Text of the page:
International Boundary and Water Commission Litigation Update

The City of Imperial Beach is involved in multiple efforts to secure resources and commitments from local, state, federal, and Mexican agencies to eliminate the flow of transboundary pollution. One of these efforts includes litigation against the International Boundary and Water Commission (IBWC) to uphold the conditions of the Clean Water Act and the Resources Conservation and Recovery Act. The added pressure from litigation has and continues to play an important part in holding accountable those responsible for the ongoing crisis in the Tijuana River Valley, and for shining a bright light on this issue. The City’s multi-pronged efforts played a substantial role in securing the recent congressional appropriation of $300 million to address transboundary pollution in the United States-Mexico-Canada Agreement Implementation Act.

Recently, the City of Imperial Beach, City of Chula Vista, Port of San Diego, State Water Board, State Lands Commission, City of San Diego and Surfrider Foundation all agreed to temporarily stay our lawsuits against the IBWC as part of a good-faith effort to facilitate development of a large-scale, multi-faceted federal pollution control project in the Tijuana River valley designed to ultimately solve the sewage, trash, and sedimentation crisis. There are four main reasons we agreed to this 12-month stay:

  1. The Environmental Protection Agency (EPA) has committed to spending most or all of a $300 million Congressional appropriation in the Tijuana River Valley, beginning with a 12-month review process to identify projects for diverting and treating the flow of raw sewage and toxic chemicals through the Valley. Its review will include a deeper analysis of pollution control projects identified in San Diego County’s recently completed Tijuana River Needs and Opportunities Assessment, which took a preliminary technical feasibility look at several U.S.-side infrastructure projects in the Tijuana River Valley and has support from area cities, state agencies, non-profit groups, and other stakeholders.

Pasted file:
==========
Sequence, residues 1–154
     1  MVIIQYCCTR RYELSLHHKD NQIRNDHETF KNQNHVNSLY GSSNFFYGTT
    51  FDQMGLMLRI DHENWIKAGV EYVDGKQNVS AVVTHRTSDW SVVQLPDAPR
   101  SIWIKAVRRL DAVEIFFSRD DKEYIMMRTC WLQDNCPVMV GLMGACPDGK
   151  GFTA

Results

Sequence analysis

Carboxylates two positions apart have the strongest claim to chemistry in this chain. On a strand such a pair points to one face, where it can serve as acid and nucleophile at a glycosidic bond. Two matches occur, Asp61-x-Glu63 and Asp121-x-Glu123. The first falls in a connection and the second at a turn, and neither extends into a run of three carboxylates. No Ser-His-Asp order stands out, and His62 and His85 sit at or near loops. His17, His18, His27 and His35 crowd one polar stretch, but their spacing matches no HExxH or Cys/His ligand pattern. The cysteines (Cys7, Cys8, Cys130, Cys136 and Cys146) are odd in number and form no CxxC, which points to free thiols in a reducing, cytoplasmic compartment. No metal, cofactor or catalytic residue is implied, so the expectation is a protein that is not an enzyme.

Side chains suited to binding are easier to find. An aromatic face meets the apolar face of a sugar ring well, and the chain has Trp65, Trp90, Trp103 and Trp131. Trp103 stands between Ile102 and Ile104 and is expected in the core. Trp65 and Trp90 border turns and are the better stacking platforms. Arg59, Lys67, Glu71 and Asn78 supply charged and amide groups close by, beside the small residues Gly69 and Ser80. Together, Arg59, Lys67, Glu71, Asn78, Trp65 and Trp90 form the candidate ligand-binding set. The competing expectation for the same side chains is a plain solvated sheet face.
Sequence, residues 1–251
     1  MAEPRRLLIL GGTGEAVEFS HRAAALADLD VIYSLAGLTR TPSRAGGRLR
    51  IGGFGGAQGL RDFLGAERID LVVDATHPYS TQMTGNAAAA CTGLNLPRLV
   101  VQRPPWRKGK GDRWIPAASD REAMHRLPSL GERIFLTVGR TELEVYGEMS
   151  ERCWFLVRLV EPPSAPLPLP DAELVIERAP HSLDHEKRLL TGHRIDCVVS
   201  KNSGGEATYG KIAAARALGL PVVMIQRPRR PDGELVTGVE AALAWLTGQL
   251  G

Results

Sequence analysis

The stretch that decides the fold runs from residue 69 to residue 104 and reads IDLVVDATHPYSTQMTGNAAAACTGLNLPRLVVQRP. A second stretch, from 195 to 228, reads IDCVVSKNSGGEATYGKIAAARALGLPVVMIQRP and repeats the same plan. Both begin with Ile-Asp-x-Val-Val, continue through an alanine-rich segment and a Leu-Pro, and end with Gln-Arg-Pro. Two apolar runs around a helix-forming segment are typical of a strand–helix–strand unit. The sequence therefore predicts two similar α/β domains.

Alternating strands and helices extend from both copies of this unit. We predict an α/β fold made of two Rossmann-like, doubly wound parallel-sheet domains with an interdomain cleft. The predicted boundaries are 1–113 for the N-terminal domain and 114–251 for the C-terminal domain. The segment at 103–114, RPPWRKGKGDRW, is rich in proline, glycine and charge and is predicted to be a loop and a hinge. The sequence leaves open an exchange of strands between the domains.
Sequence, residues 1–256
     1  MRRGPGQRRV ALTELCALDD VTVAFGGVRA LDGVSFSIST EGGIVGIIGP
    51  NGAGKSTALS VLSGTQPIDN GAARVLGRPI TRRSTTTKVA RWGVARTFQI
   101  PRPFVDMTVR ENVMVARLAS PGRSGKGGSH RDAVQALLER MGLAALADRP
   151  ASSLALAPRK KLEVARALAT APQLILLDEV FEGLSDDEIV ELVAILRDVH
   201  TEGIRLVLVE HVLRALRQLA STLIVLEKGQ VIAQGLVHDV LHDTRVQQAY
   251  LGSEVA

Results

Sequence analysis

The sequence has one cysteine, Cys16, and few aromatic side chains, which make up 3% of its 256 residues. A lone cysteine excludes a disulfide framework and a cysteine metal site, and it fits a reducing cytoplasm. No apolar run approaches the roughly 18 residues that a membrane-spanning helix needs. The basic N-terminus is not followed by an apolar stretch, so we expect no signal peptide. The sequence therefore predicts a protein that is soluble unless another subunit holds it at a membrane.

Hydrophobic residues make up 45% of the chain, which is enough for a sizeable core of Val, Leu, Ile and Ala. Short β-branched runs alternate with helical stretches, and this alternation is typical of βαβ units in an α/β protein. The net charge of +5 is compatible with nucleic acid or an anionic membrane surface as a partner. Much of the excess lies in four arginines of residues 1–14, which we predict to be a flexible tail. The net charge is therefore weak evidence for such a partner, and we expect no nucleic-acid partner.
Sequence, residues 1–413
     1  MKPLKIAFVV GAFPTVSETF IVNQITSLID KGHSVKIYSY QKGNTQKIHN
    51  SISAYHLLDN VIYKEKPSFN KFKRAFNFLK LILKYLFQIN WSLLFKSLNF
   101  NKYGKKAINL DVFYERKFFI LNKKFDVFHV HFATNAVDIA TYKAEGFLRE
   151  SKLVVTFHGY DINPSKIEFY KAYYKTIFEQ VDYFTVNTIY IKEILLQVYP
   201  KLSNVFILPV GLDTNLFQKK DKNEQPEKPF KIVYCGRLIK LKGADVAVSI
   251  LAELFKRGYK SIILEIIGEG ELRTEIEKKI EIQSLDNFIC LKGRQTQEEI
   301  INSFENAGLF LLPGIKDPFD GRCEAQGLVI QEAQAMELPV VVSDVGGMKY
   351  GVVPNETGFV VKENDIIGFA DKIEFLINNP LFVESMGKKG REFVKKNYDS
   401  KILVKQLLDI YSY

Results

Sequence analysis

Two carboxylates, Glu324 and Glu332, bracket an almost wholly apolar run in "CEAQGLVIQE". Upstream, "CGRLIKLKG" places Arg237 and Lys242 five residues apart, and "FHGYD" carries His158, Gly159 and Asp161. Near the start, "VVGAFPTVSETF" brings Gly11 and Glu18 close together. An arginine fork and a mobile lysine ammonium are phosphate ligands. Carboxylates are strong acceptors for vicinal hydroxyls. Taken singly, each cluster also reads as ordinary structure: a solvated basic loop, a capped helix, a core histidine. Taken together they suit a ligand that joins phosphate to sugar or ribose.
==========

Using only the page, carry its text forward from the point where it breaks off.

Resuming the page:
• The IBWC has made a long-overdue commitment to spend $2 million in coming months on specific equipment to help address transboundary pollution, including the current, ongoing sewage flow crisis that has repeatedly closed area beaches for the past seven months.
  • Mexico has made progress on its efforts to repair and replace critical infrastructure on its side of the border to prevent the unchecked flow of sewage and other hazardous pollutants into the Tijuana River Valley, including by obtaining funding to complete those projects.
  • The San Diego Regional Water Quality Control Board is using all regulatory tools at its disposal to address transboundary pollution in the near-term, including by working to revise IBWC’s Clean Water Act permit for its infrastructure in the Tijuana River Valley to include more aggressive measures to mitigate transboundary flows; and by pursuing much-needed Total Maximum Daily Loads for the Tijuana River to provide the Board another tool to protect water quality in the Tijuana River Valley.

If adequate progress toward transboundary pollution control is not being made via these processes at any point over the next 12 months, the City will ask the court to dissolve the stay and continue with the litigation. The City has not dropped its legal case against IBWC and will maintain legal pressure with the threat of resuming the case at any time. The City’s goal is to see real solutions get designed and constructed in the Tijuana River Valley so we may finally put an end to the pollution crisis that has long afflicted our community.

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